“Nothing to wear?” Well here’s something to think about: Every piece of clothing we buy has had an impact on our planet before we even bring it home.
That’s before you step out of the door, walk down the street, and spot that attractive item you see hanging in the window.
First, there’s water consumption. 2 billion pairs of jeans are produced every year, and a typical pair takes 7,000 litres of water to produce. For a t-shirt, it takes 2,700 litres of water to make just one – that’s the amount of water an average person drinks over the course of 900 days!
Secondly, there’s the dyeing process of which 1.7 million tonnes of various chemicals are used; not to mention the hazardous chemicals like PFCs that leave a permanent impact on our environment.
And what about the clothing that doesn’t make it to market? An estimated 400 billion square meters of textiles are produced annually, of which 60 billion square meters are left on the cutting room floor. Each year over 80 billion pieces of clothing are produced worldwide, and after its short lifespan, three out of four garments will end up in landfills or be incinerated. Only a quarter will be recycled.
According to a report by UK-based NGO WRAP, lower prices and reduced demand lessen the incentive for collecting used textiles, which could lead to more going to landfill. And as recent Goldman Environmental prizewinner Zuzana Čaputová has shown, no one wants more landfills in their town.
So how did we get this way? Since when did we get so obsessed with clothes?
One obvious reason is fast fashion. In an era of fashion bloggers and getting Insta-famous, being seen in the same outfit has been enough to warrant a “tsk-tsk” from the fashion police. Just over the last five years, the top fast fashion retailers grew 9.7 per cent per year, topping the 6.8 per cent of growth of traditional apparel companies.
But the fashion world wasn’t always like this. According to Plenitude: The New Economics of True Wealth by Juliet B. Schor, Americans for instance, consume three times as much as their ancestors did fifty years ago, and they buy twice as many items of clothing as they did twenty years ago. In 1991, the average American bought 34 items of clothing each year. By 2007, they were buying 67 items every year. That’s a new piece of clothing every four to five days!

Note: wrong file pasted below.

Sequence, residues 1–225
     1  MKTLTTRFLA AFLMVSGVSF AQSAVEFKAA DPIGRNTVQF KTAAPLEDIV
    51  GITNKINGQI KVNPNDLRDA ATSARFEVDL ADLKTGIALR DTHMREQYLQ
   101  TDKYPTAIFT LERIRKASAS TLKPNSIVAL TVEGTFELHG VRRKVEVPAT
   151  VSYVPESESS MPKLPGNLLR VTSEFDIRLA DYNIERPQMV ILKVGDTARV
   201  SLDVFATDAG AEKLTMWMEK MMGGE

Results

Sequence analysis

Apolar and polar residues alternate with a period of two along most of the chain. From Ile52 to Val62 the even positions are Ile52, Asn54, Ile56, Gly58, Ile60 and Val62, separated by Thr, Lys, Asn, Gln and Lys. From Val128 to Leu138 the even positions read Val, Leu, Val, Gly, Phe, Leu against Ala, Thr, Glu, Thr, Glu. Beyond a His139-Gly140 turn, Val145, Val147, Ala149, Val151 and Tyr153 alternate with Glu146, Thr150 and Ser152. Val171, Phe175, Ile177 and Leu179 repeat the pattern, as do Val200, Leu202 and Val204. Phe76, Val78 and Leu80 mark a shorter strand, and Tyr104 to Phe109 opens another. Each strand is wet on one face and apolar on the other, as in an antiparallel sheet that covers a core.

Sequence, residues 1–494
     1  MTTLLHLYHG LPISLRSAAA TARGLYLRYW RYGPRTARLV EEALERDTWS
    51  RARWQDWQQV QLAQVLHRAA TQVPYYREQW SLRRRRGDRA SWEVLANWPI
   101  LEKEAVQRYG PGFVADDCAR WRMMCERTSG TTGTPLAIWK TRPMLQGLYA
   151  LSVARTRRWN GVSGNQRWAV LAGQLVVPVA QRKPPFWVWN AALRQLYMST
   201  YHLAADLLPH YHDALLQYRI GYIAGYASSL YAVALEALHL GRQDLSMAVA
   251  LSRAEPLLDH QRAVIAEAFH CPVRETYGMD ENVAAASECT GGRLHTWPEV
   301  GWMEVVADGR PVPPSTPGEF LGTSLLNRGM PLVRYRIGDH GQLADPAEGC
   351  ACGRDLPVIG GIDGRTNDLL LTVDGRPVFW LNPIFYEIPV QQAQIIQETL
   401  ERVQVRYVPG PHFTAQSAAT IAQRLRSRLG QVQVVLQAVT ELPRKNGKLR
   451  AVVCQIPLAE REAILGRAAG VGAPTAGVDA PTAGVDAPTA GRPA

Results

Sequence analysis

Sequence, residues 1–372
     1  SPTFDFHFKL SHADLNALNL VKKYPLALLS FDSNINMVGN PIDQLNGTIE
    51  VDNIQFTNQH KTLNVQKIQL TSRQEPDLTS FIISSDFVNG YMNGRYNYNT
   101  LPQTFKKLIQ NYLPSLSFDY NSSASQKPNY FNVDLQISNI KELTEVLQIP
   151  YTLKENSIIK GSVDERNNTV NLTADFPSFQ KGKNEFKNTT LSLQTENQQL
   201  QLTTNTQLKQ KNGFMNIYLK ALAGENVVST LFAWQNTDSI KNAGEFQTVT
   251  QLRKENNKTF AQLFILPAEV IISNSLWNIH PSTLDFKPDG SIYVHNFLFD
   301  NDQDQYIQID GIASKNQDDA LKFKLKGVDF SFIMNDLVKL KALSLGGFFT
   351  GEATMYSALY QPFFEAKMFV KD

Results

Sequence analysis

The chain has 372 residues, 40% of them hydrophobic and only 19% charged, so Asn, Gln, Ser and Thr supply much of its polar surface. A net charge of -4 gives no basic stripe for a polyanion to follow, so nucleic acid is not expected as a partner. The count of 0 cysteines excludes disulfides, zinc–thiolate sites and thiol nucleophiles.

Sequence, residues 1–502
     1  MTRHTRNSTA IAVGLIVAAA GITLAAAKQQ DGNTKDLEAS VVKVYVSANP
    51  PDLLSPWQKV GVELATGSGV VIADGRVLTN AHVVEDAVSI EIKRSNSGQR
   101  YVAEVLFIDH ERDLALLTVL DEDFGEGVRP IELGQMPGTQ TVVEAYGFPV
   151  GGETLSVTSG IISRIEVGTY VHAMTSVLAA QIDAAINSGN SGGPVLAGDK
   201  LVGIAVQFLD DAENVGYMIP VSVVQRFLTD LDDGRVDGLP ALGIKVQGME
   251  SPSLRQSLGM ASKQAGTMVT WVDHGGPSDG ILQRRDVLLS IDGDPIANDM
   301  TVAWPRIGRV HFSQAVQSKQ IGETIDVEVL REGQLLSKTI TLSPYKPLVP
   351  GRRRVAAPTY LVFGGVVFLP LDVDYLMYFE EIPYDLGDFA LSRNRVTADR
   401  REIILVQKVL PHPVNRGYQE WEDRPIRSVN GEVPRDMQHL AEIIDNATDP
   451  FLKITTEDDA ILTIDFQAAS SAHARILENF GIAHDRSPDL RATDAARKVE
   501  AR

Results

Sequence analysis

So how can we fix fast fashion problems?
Firstly, it starts with you, the consumer and staying away from impulse purchases from fast fashion retailers. But it’s not just about saving pennies – in the lead up to the third anniversary of the collapse of the textile factory, Rana Plaza in Bangladesh, it’s as much thinking about who made your clothes as well as the environmental impact it has made.
And if you think that dumping a bag of clothing at your local thrift store will help get rid of all that unwanted clothing, it doesn’t quite work that way. Whilst donating is great in giving your old threads a second life, not all can be recycled. H&M’s recent World Recycling Week, in which their aim is to collect and recycle 1,000 tonnes of used clothing, is an “illusion” of what true sustainability is, as only one per cent of collected clothing can be used as recycled fibres.
Instead get crafty and pick up a needle! 95% of discarded clothing can be upcycled or recycled. And fashion trends come in waves, so hang onto that 10-year-old t-shirt. You could be wearing it again in 20 years time!
But that’s not to put all the aspiring artists and independent designers out of work. As legendary fashion designer Vivienne Westwood says: ‘Buy less, choose well, make it last.’
So, still got nothing to wear?
Shuk-Wah Chung is a Content Editor for the Communications Hub at Greenpeace East Asia. Follow her on Twitter @shookiewah
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Global fast fashion brands are churning out more clothes than the planet can handle.